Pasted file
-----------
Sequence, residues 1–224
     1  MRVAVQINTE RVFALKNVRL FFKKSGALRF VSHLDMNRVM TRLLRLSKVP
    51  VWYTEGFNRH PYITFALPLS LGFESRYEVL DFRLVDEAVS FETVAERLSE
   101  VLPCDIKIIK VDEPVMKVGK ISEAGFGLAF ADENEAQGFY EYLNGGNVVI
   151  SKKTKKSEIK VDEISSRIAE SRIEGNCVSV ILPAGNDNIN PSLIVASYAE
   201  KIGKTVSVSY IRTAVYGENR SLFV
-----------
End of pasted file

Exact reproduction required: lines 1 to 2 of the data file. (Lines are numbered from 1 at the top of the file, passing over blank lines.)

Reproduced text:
Sequence, residues 1–224
     1  MRVAVQINTE RVFALKNVRL FFKKSGALRF VSHLDMNRVM TRLLRLSKVP